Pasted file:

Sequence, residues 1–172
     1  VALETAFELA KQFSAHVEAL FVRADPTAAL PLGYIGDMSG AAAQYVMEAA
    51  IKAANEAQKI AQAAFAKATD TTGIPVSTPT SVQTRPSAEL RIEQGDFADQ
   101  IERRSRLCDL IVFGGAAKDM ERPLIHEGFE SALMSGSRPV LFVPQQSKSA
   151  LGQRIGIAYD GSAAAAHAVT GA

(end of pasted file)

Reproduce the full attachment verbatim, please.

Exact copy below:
Sequence, residues 1–172
     1  VALETAFELA KQFSAHVEAL FVRADPTAAL PLGYIGDMSG AAAQYVMEAA
    51  IKAANEAQKI AQAAFAKATD TTGIPVSTPT SVQTRPSAEL RIEQGDFADQ
   101  IERRSRLCDL IVFGGAAKDM ERPLIHEGFE SALMSGSRPV LFVPQQSKSA
   151  LGQRIGIAYD GSAAAAHAVT GA